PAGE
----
To pull off the attack, the team created a normal certificate and had it signed by a certificate authority that still uses MD5. However, the team engineered a collision to create a second certificate–an “evil twin”–that matched the signature of the first and also seemed to say that the original certificate authority had delegated its certificate-signing powers to the owner of the evil twin.
The evil-twin certificate could then be used to create certificates for any website on the Internet, allowing a malicious individual to impersonate trusted banking websites, padlock icon and all, without raising any of the alarms meant to protect users.
RapidSSL, a certificate authority owned by Verisign, issued the MD5 certificates that the team exploited. Independent security researcher Alexander Sotirov, who helped turn the theoretical work on MD5 into the real attack, says that the attack was possible not only because of MD5, but because of lax security in the way that RapidSSL issues certificates, which made it easy to produce a collision.
Just six hours after the researchers gave their presentation, Verisign announced that RapidSSL had moved to a more secure hash function. Tim Callan, vice president of product marketing for Verisign, explains that the company had been working on the move since it bought RapidSSL in 2006. However, he says, the company was proceeding cautiously because it didn’t want to disrupt the SSL services already offered to its partners. “If you are arbitrary or capricious with that, then what happens is that people will respond by using lower-security alternatives,” Callan says.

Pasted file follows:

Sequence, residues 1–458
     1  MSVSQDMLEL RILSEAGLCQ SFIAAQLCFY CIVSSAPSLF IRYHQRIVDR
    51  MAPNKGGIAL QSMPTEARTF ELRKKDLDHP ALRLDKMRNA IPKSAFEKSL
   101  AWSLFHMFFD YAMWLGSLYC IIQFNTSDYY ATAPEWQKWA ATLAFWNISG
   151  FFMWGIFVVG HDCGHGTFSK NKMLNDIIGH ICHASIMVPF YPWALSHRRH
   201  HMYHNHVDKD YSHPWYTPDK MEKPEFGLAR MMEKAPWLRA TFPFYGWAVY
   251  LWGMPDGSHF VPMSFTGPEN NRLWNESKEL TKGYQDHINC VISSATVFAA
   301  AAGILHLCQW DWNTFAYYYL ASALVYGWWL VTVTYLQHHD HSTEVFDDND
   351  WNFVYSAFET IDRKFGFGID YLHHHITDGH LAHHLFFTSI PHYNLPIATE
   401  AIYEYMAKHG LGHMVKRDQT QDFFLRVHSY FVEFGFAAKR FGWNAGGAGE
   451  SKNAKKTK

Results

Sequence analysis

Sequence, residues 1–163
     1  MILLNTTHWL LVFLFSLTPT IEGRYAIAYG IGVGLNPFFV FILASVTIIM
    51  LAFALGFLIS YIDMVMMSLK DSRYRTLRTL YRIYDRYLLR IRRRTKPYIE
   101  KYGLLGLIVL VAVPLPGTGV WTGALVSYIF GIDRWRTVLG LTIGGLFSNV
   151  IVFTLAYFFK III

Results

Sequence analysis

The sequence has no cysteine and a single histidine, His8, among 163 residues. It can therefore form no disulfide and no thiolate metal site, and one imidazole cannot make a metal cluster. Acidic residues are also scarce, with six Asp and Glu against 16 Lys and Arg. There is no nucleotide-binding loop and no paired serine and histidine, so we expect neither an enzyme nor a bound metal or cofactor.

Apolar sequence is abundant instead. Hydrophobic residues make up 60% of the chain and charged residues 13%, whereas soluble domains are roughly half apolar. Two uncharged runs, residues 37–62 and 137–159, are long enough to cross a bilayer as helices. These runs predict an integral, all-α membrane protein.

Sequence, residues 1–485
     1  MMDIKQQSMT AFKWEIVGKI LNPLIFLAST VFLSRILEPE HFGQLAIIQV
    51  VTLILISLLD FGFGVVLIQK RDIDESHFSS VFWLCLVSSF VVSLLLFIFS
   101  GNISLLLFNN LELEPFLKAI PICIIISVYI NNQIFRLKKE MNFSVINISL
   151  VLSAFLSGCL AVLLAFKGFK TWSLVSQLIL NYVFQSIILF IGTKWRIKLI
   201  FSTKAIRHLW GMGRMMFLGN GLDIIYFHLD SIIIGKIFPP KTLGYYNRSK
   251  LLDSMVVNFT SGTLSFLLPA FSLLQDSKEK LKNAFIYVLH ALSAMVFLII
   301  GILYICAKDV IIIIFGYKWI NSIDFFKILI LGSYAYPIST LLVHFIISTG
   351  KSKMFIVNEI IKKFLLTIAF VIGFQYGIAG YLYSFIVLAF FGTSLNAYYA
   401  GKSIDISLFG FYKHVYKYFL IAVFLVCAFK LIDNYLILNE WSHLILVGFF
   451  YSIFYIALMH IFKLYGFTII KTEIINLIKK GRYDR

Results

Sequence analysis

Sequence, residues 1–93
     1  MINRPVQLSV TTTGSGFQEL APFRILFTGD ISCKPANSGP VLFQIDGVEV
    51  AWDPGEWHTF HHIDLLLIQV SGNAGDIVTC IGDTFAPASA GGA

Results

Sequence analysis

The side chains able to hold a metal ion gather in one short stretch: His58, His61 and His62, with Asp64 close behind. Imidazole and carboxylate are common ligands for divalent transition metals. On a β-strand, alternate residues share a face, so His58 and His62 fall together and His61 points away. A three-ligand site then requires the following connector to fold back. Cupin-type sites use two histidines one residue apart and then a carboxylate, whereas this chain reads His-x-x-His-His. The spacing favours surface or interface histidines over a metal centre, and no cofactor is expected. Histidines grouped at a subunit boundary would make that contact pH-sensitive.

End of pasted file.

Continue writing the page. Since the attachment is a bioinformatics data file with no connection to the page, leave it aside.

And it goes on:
Sotirov credits Verisign for acting quickly in response to the attack, but says that the current infrastructure for certificates “is not working very well at all.” He adds, “It’s worrisome that so many certificate authorities are equally trusted,” particularly when different authorities use different standards to verify the identity of potential clients and to secure the certificates that they issue. He says that market forces, which reward certificate authorities for fast response times and low prices rather than for good security, are creating a “race to the bottom” that increases the chance of security issues in the future.
Sam Curry, vice president of product management for security company RSA, which abandoned MD5 in its certificate authorities about a decade ago, says that he thinks it’s important for companies to stay on top of theoretical attacks before they become real ones. “I’m thrilled, in a way, when people find these theoretical weaknesses because it means that we’re actually doing real testing and real, deep thinking about it,” Curry says. “I’m not thrilled when the practical ones roll out, because that’s when people get hurt.”
But Kocher says that it’s unlikely that average users will be affected. While certificate authorities should pay serious attention to the researchers’ attack, he says that, unfortunately, there are much easier ways to scam users online.
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